Medical Miracle or Health Hoax?
3 Red Flags to Watch Out For
The new year is a great time to make your health a priority again, and there are a bunch of workouts and diet plans to choose from. Too many, some might say. It can be difficult to determine exactly which health plan will help you reach your goals, but there are some pretty obvious red flags that you’ll want to avoid. BEWARE THE DREADED ‘DETOX’ Plenty of diets, supplements, and products claim to “purify” your body by removing unspecified “toxins.” These “detoxes” conveniently forget that your kidneys and liver are already removing substances your body doesn’t need! The human body has been capable of cleansing itself for thousands of years. It doesn’t need a special smoothie or footpads to get the job done.
did before you started using them. Unless you have been diagnosed with a disease that would impair your liver or kidneys, you don’t need to spend extra money to keep your insides clean. A healthy diet is enough. CELLULITE ISN’T REAL In 1968, Vogue magazine introduced American women to the word “cellulite,” warning them of a terrible “diagnosed” condition women suffered from. They encouraged the use of a special rolling pin to banish the little lumps of fat on women’s thighs and buttocks. Since then, cellulite has been used as shorthand to mean “bad body fat you need to remove.” But cellulite is not an indication of poor health. Furthermore, there’s no cure for cellulite because it’s not a disease. It would be like using a special lotion that claims it can remove the wrinkled skin on your knuckles! Most people, especially women, have cellulite. It’s perfectly natural!
If you want to get in shape this year, avoid diets or products that claim to melt cellulite. This is a clear indication these treatments aren’t based on real medical science.
Most detox products are nothing but snake oil, and some of them can leave you feeling worse than you
CURE-ALLS CURE NOTHING A “cure-all” is any product, treatment, or diet that claims to cure a bunch of unrelated medical problems. Cure-alls have been a problem for centuries, claiming to help with weight loss, migraines, heart disease, anxiety, depression, and even baldness! This isn’t how medicine or the human body works. One change cannot magically fix many different, sometimes unrelated, problems.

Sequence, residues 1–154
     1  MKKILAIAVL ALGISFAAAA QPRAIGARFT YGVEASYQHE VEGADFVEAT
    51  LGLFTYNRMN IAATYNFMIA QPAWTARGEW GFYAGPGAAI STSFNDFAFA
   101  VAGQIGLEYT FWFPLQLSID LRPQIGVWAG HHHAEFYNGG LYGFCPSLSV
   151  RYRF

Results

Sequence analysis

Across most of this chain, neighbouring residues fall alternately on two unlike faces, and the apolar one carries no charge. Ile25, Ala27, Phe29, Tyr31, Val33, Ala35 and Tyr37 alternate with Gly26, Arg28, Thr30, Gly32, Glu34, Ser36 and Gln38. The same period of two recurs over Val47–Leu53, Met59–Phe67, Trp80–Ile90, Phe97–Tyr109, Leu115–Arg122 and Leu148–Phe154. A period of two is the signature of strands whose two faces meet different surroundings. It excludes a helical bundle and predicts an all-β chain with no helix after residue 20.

A good way to determine if something is a cure-all is to check if it claims to help treat, prevent, or cure cancer. That’s a big red flag you want to avoid.
Stanford Team Develops Exciting News for Sleep Apnea Sufferers Struggling to Sleep?
Continuous positive airway pressure (CPAP) machines are the gold standard for the maintenance of the airway in obstructive sleep apnea (OSA). Many patients are interested in a more long-term solution to their continued sleep troubles, health concerns, and frustrated bed partners. A study by Tomonori Iwasaki, Audrey Yoon, Christian Guilleminault, Youichi Yamasaki, and Stanley Yung Liu at Stanford University just may have found a solution that could work wonders for these adult sufferers. Their findings were published in December 2019. The foundation for these findings starts with kiddos. OSA is common among kids with maxillofacial hypoplasia. The jaw’s shape and position alter the position of the tongue and constricts the nasal airway. A common treatment option for kids is rapid maxillary expansion (RME), following tonsillectomies and adenoidectomies as needed. RME involves a series of palatal expanders that widen the upper jaw.
While this is a great option for children, RME is not as reliable for adults with a similar jaw and airway composition. Instead, the distraction osteogenesis maxillary expansion (DOME) treatment method mimics the results of RME. With DOME, three surgical separations and mini implants assist the palatal expander. This is much less invasive than previous LeFort alternatives. For the past five years, the Stanford team studied the success of DOME and how this treatment effectively treats OSA in adults. The team assembled 20 participants, each one presenting similar characteristics to maxillofacial hypoplasia and intolerance to CPAP- machine usage. From 2014–2016, the participants underwent DOME treatments, and through modeling procedures, the researchers determined why these treatments were so successful. Previous schools of thought linked a smaller throat with OSA severity and risk, but using “computational fluid dynamics” and measurements, the team showed the significance of the nasal passageway. The nasal airway expanded through DOME and RME treatments, which decreased the velocity of the air. This subsequently improved OSA symptoms and severity, resulting in a positive treatment option for patients with OSA. This is very exciting news for adults struggling with OSA. If you want to explore your options, Dr. Sabo’s team would be glad to help. Learn more about your treatment options for OSA by calling 951-769-1616.
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